Editorial License

Rob Hammerton, music educator etc.

Sick Days

Sick days aren’t like snow days. You don’t have to shovel snow, but you wish you could.

Sick days aren’t like mental health days. There’s no need to feel guilty. (Even though I usually achieve this anyway. Read on…)

Sick days are included as benefits in my professional contract. I often suspect I have more of them available than do members of some other professions. Can firefighters take sick days? Can troops stationed in faraway places take them?

Sick days can be spent wondering what’s going on in the location where you would have been. And hoping all the furniture is in the same place when you return.

Sick days can feature a lot of looking out the window and wishing you felt right enough to go out and play. Unless you live in the part of the US where I do, at the time which is now, in which case, you’re not so disappointed. Brrr.

 

Sick days, for me, are often a challenge for one other reason. One of my high school teachers, it was rumored, had taken only as many sick days in his multiple-decade career as most people have fingers. He was just that kind of person – neither snow nor sleet nor rain, nor pain, nor sprain, nor migraine, nor anythang (it almost rhymed), would keep him from his appointed rounds. Classical Studies Must Be Taught! More importantly, he felt he owed it to his students – his kids! – to be there for them.

Professore, we used to say … that’s very sweet of you, and we’re that much more inspired to do our homework assiduously! … but you look … like you feel … like poop.

That was part of an actual conversation in an actual class, one day during my junior year of high school. (Not the word “poop”.) The man walked into class, and a pack of high school kids – whose spheres of awareness had only recently grown to a size bigger than their own heads – took one look at him and said, “Professore, what’s wrong??”

Oh, I’ve just got a little temperature,” he said, and looked at us lovingly with a pair of the glassiest eyes we’d ever seen. “I’ll be fine! Let’s start.” And at least a quarter of the room replied, “Professore. Go. Home. To. Bed.”

Later, one of my classmates said, “he always looks at us at the beginning of class, and says, ‘Morning, scholars! Are you doing all right? You look so tired, gang!’ But today, he earned all that sympathy back from us in one shot. He looked like he was going to die.”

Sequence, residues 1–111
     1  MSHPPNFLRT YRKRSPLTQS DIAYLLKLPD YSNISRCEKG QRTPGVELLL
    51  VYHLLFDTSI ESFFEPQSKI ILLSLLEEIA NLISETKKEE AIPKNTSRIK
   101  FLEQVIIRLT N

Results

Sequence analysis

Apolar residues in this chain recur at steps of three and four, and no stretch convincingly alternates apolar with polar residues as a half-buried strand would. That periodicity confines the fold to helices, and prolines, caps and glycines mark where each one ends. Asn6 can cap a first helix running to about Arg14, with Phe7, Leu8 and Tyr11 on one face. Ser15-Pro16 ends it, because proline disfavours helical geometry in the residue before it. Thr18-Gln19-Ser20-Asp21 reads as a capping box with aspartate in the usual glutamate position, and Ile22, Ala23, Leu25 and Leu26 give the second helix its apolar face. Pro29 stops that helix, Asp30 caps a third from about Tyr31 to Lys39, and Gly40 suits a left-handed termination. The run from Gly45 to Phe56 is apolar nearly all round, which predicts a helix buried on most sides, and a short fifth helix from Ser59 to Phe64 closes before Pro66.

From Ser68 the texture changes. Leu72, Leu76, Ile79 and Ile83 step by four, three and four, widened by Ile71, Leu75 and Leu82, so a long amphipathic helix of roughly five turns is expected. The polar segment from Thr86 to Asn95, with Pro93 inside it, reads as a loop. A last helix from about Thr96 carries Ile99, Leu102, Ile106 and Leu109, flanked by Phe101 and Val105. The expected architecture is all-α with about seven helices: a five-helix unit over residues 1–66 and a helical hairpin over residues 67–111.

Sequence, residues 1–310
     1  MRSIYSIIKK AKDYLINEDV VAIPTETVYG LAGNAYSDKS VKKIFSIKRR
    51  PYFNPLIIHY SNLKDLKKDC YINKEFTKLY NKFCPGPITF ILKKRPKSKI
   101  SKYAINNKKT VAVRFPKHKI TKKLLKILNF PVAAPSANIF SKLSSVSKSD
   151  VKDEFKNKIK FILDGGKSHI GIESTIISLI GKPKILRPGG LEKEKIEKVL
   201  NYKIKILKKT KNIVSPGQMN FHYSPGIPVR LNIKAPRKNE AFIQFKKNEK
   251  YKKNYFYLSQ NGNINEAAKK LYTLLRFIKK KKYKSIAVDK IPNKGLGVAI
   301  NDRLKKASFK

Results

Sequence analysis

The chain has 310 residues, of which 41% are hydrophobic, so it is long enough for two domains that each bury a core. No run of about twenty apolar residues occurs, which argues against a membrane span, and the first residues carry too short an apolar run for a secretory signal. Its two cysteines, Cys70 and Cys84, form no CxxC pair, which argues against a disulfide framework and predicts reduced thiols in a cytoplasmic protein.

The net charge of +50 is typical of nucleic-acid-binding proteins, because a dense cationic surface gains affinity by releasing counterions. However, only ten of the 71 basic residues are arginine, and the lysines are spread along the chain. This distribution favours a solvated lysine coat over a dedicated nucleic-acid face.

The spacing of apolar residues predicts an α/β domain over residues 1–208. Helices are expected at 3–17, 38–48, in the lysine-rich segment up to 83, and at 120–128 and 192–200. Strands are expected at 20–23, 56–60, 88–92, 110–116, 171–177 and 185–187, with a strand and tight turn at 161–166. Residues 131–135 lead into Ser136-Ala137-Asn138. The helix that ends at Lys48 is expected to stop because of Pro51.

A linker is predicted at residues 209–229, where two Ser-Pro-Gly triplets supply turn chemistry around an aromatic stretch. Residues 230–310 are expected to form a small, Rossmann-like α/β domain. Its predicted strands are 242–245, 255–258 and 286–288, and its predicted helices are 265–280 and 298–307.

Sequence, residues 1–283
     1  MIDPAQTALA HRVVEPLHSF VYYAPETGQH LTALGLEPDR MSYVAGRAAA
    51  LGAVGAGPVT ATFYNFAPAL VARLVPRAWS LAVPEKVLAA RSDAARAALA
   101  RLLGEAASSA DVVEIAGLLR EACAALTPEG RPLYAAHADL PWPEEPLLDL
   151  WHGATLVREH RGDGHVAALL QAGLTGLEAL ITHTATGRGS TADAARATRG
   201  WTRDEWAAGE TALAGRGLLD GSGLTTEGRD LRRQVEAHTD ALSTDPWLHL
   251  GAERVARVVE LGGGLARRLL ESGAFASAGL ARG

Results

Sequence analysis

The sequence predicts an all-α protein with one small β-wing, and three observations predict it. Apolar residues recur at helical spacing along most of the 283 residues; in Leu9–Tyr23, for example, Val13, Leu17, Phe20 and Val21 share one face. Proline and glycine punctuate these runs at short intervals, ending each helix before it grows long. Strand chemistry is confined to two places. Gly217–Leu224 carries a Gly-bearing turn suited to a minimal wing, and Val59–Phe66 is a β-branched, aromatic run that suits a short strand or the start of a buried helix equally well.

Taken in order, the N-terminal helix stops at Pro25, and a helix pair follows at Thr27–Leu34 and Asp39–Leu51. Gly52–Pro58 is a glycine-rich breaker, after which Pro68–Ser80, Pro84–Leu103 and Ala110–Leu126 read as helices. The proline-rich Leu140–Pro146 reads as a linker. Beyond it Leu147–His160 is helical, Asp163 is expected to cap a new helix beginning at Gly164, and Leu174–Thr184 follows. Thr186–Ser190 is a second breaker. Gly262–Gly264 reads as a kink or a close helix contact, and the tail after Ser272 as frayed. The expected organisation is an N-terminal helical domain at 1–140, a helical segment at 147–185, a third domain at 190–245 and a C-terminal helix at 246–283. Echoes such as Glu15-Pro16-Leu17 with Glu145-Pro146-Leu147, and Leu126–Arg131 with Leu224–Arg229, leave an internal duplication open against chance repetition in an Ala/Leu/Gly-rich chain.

He did have the flu, as it turned out. (Several years ago, I had the flu for a week, and came in to school one day during that stretch because, well, the rock/blues band had a gig at a music fundraiser that night, and because obviously. I remember the gig … just not a lot of what happened during. And that was rock ‘n’ roll, not the works of Cicero.)

Sounds like an extreme case; and it was. Sounds like a tall tale … and it wasn’t. Somehow he taught that day. His classes probably listened extra hard, just out of feeling his pain! … but during that whole class, we all had a little voice in the back of our heads saying, “that poor man … that poor man … that poor man …”

So when I take a sick day, and it’s a genuinely sick boy taking it … I still feel just a little twinge of “we are not worthy”. (This particular school year, I’ve taken more sick days than I’m used to taking. November, as has been chronicled hereabouts, sotto voce!, was particularly awful.) I’ve been working on that. I may be working on it until I retire, or expire. Sometimes, yes, you’ve got to take a mental health day. But on balance, my job actually contributes to my mental health. I have taken those kinds of days, but happily not often.

Anyway, beyond Medieval Lit, and translating Latin, and all … one of the other things I learned from Il Professore was, dig in and do the work. He didn’t tell us … in a more effective and lasting lesson than that, he showed us. So I’ve got a standard to shoot for. An absurdly high standard, but … as the Argus poster saying goes, if you shoot for the moon and miss, you’ll still end up among the stars.

Every day, in every way, getting better and better …

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March 23, 2013 - Posted by | education, teachers | , , , , , , , , , , , , , , ,

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